The peculiar bright light in the sky prompted Magi to search for a new king. This happened over two thousand years ago. And people today are still seeking to understand this bright light, and even more importantly, this king!
In Matthew chapter two, we read about the Magi (“Wise Men”) asking King Herod for directions. They had already traveled a far distance from the east, and they wanted clarification about locating the one “who has been born king of the Jews (verse 2).” They had noticed the king’s star when it rose in the east. But just what did they see?
Modern day astronomers have opined on the matter. Looking at historic planetary movement, particularly during the reign of King Herod, no obvious answers appear. From an astronomer’s perspective, perhaps the Magi mistook another phenomenon for the star. Could it have been an unusually bright meteor streaking across the sky? Likely not, because those meteors disappear in a matter of seconds, not long enough to lead the Magi from the east to Bethlehem. Could it have been a bright comet, with its bright front a long tail? Or maybe a supernova, or even bright planets aligning just right?
Astronomer Michael Molnar might have the most intriguing proposition. In his book, The Star of Bethlehem: The Legacy of the Magi, Molnar claims that the biblical Greek phrase for “in the east” was a technical term used in ancient mathematical astronomy. Molnar pieces together clues from astrology symbols he found on an ancient coin: the image of Aries looking back at a star. Aries, it seems, was an ancient symbol for Judea, and that ancient astrologers believed that a new king would be born when the moon passed in front of Jupiter. That technical astrology term (yielding “in the east”) described a planet rising above the eastern horizon just before the sun’s appearance. Keeping in mind the story of Matthew chapter two, Molnar was able to connect his findings to chart an eclipse of Jupiter in Aries on April 17, 6 B.C., a day when Jupiter was precisely “in the east.”
Whatever the cosmic sight was, however science wants to describe, here is what we claim to be true: God used an amazing light to lead wise & powerful men half way around the world to discover the Light of the World!
During the season of Advent, we will “Follow the Star.” Everything during Advent – from our worship opportunities, adult seminars, activities for children & youth, to our music concerts and mission opportunities – prompts us to follow the star. Look for these opportunities to grow in discipleship!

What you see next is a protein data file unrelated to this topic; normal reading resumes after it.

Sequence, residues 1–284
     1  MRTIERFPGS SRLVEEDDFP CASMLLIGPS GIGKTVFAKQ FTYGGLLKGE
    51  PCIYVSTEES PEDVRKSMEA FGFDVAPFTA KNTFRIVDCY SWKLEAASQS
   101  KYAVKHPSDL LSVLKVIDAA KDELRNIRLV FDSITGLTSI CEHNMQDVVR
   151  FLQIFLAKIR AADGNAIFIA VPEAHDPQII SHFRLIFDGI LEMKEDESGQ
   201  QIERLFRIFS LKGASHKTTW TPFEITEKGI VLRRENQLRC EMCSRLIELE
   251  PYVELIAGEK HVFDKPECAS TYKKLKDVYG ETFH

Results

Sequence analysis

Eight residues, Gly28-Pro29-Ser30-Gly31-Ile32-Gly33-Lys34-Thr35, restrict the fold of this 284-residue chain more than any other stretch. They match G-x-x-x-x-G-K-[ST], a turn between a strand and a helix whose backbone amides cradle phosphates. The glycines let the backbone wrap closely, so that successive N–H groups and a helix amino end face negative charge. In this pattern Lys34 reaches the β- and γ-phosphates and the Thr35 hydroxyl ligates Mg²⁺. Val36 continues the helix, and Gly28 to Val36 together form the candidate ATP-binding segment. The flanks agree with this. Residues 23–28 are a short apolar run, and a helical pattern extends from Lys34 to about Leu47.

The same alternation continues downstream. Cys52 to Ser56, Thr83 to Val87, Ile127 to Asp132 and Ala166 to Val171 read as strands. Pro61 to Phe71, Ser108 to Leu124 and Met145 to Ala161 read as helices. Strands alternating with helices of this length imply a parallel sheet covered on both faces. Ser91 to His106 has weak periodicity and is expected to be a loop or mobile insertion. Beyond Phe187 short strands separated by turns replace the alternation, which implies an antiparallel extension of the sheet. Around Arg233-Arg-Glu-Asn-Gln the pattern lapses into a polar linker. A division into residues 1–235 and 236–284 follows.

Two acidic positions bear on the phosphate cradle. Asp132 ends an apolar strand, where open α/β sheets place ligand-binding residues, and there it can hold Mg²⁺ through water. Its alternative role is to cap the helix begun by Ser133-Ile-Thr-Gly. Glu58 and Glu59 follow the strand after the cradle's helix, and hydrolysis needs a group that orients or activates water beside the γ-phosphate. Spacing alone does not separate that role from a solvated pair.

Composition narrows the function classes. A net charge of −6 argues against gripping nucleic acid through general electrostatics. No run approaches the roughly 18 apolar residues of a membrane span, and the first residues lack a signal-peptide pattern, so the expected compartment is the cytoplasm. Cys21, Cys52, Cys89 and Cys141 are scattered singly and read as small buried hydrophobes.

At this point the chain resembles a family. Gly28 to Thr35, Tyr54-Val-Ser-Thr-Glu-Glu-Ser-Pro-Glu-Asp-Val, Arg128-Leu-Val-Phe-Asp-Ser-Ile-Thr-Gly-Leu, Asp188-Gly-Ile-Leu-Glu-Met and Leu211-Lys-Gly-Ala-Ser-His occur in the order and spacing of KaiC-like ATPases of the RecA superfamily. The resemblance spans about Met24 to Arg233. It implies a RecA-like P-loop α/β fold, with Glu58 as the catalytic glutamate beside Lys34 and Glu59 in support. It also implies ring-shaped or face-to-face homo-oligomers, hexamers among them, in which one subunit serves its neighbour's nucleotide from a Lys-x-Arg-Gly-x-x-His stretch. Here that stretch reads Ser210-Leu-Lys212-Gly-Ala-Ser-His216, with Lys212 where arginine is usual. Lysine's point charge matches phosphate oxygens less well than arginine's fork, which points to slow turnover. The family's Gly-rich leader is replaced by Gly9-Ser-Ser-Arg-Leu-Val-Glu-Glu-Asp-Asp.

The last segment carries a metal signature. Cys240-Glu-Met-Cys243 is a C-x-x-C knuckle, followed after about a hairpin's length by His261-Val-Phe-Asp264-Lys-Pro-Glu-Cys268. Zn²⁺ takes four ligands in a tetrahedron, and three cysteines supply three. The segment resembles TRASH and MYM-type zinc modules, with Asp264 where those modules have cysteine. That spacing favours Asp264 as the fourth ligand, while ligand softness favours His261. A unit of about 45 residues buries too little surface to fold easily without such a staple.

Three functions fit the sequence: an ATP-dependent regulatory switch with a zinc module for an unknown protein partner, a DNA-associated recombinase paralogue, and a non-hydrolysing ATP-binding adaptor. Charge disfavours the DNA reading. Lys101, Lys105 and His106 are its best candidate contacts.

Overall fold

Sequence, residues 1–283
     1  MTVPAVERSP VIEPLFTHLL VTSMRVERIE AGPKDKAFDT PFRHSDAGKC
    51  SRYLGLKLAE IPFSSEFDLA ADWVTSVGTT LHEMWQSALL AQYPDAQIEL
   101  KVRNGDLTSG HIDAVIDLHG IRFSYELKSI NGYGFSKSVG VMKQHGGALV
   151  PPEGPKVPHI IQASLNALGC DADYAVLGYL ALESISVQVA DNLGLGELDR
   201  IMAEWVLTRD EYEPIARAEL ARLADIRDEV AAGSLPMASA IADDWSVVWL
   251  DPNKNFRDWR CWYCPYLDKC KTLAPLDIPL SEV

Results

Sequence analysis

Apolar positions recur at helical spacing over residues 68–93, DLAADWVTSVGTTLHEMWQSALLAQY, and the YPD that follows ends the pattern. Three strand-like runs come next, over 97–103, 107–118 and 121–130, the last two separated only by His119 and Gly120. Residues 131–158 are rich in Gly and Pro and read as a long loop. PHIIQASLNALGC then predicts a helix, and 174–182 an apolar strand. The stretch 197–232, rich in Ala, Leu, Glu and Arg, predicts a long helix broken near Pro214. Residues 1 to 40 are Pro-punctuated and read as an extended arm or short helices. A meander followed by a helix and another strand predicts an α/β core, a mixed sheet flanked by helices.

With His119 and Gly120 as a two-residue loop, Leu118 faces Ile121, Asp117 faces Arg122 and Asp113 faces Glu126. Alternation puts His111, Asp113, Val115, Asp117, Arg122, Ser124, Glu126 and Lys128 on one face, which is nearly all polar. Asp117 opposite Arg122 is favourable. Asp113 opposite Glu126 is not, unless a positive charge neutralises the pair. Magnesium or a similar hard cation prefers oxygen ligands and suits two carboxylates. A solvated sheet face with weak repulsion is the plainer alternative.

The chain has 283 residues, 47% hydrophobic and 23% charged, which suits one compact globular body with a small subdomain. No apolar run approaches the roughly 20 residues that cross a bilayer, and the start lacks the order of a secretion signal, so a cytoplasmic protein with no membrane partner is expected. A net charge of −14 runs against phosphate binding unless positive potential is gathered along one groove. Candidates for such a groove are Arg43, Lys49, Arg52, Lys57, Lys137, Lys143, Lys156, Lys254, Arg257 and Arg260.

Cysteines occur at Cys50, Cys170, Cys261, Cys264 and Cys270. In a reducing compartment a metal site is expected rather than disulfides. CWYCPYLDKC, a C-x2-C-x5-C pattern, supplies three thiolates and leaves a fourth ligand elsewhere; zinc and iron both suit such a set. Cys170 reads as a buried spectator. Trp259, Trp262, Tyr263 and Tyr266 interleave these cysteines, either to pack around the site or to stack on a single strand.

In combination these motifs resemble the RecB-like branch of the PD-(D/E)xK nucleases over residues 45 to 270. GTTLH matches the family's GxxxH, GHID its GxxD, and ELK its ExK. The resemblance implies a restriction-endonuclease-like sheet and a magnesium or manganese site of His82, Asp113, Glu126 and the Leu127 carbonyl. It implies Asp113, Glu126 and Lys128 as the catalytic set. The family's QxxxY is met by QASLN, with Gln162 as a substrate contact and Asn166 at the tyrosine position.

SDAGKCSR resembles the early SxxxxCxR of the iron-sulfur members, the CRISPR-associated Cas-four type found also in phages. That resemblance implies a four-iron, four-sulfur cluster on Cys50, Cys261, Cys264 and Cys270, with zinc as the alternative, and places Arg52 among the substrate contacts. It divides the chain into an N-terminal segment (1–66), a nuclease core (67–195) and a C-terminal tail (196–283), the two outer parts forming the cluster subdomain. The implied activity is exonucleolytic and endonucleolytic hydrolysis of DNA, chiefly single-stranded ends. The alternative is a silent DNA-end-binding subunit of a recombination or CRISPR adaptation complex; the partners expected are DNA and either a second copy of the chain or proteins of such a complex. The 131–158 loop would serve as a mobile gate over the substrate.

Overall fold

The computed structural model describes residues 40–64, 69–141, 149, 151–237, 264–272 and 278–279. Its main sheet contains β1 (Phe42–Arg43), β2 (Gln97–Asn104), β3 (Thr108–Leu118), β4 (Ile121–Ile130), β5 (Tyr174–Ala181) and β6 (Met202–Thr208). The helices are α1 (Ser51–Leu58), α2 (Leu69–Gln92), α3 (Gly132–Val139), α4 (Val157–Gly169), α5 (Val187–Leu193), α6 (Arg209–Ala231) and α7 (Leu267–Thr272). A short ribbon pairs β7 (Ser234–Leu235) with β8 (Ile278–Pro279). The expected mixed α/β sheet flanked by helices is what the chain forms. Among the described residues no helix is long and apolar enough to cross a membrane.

May we humbly follow all the way to Bethlehem.
My earliest memories of Christian worship are emblazoned in my memory. During my childhood, my family brought me to worship every Sunday morning at Hollywood Hills United Methodist Church, whether I wanted to be there or not. The Sanctuary. Stained glass. Choir. Pipe organ. Learning classic hymns of the faith. Praying the Lord’s Prayer for the first time. I remember it all…
Best of all, I remember the people!
Although I was too young to understand, I could sense how the adults approached worship. They entered with a sense of purpose and devotion. They departed with joy. But what did they do during the “in between” time? That part was always a mystery to me. In many ways, it’s still a mystery to me. In other words, just what is it that we DO during corporate Christian worship?
If you are like me, and worship is a mystery to you, please do not fret! After all, when worship truly happens, we are ushered into experiencing the mystery of God’s presence. Stepping closer to the mystery prompts us to seek and to find, yet ultimately remain dependent upon God’s self-revelation. God refuses to become domesticated into our human-made categories and handles. Worship that seeks to simplify the Creator of the universe will always fall short.
During the month of November, we will focus upon WORSHIP. This will conclude a five month emphasis (CARING in March, FELLOWSHIP in July, EDUCATION in August, & OUTREACH in September) connecting the vision of First United Methodist Church to our church’s ongoing ministries and to our discipleship. If we are called to make and nurture Christian disciples through the presence and power of God, then each one of us should be engaged in the church’s worship, education, fellowship, outreach, and caring. The question always comes back to us for self-reflection: how am I growing and serving in these five dimensions of discipleship?
In addition to these Sunday offerings, we will continue to encounter the mystery of God’s presence in Midweek Meditation, featuring contemplative acoustic music.
Every week, I am excited to worship with you! Coming up in November, we have even more reasons than usual to celebrate and be thankful. As Psalms 133:1 declares: “How good it is when God’s people gather together in unity.”
Grace and peace,